KABUL — Afghanistan’s controversial first vice president, who has been under investigation for months on accusations of assault and sexual abuse, flew to Turkey unexpectedly late Friday for “medical tests,” according to his aides and Afghan government officials.
But human rights groups, Afghan analysts and others said they suspect that Abdurrashid Dostum, 63, an ethnic Uzbek militia leader and former army general, had flown into exile to avoid prosecution, possibly in a deal with the government. He has not been charged with any crime.
“Vice President Dostum does have a judicial case pending, but he has gone to Turkey for health tests. We pray for his health and return,” Shah Hussain Murtazavi, a spokesman for President Ashraf Ghani, told journalists Saturday afternoon.
In December, an elderly Uzbek politician named Ahmad Eschi accused Dostum on national TV of ordering his militia guards to imprison, beat and rape him. The powerful warlord claimed the charges were a political plot, but the incident put Ghani under strong foreign pressure to bring him to justice.
Since then, the attorney general’s office has been trying to investigate the case, but Dostum has refused to be questioned and has only allowed several of his guards to submit to official requests, leaving the government in an embarrassing quandary and the disgraced official stewing in his heavily guarded residence in the capital.
In private, meanwhile, Dostum’s representatives have reportedly met with presidential aides, seeking a political solution. Although estranged from Ghani, Dostum has not been removed from office and remains first in line to replace the president, who is 68 and suffers from heart problems.
At the same time, Dostum’s plight has recently inspired large rallies by Uzbek supporters in several northern provinces, where he remains a cult figure despite his reputation for abusive behavior toward both adversaries and underlings. Some have called on him to stage a revolt against the government.
“General Dostum has always been with his people, in bad and good situations. He will return to Afghanistan as soon as the tests are done,” his chief of staff, Enayat Farman, said in a Facebook post Saturday. He said that Dostum was concerned about the country’s worsening security situation. But, he added, “The people will be victorious, and the enemies will be eliminated.”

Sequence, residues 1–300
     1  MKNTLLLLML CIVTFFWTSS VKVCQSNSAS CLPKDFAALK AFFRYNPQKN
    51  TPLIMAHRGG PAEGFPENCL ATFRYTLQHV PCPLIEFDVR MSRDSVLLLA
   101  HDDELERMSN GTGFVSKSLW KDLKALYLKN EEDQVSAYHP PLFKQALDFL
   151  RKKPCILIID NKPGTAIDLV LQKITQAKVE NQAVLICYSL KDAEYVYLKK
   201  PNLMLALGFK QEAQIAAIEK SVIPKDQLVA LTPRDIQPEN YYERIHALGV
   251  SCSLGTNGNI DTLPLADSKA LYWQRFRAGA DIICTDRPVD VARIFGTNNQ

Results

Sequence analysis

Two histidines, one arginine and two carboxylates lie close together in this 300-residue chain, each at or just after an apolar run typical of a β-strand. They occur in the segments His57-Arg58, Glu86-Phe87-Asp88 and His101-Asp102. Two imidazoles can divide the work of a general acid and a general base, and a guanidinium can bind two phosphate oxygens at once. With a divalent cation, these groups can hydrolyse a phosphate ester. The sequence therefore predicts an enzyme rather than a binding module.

Critics on social media and in the human rights community were quick to denounce Dostum’s unannounced departure. He reportedly left late Friday in a plane sent from Turkey, where he has long historic and official ties and has fled several times previously during political tumult.
Patricia Gossman, a longtime Afghanistan researcher for the New York-based group Human Rights Watch, tweeted Saturday that the “Dostum case shows Ghani’s inability to ensure justice” and is an “example of the power strongmen wield over Afghanistan.”
Earlier this month, Afghan Attorney General Farid Hamidi said the government was continuing to pursue its investigation against Dostum. The case has been widely seen as a test of whether the Western-backed Ghani administration can bring the rule of law to Afghanistan and end the impunity of powerful ethnic leaders like Dostum.
But Ghani, who ran for president in 2014 as a modern reformer, needed the Uzbek strongman to win election and added Dostum to his ticket, despite a history that included allegedly beating an elderly businessman in Kabul in 2008 — an incident which led to police surrounding his house and Dostum flying again to exile in Turkey.
When the new assault case exploded last winter, some advisers urged Ghani to take a more traditional approach and settle the matter privately. As the stalemate dragged on, the idea was floated that Dostum could be urged to quietly leave the country, one more time.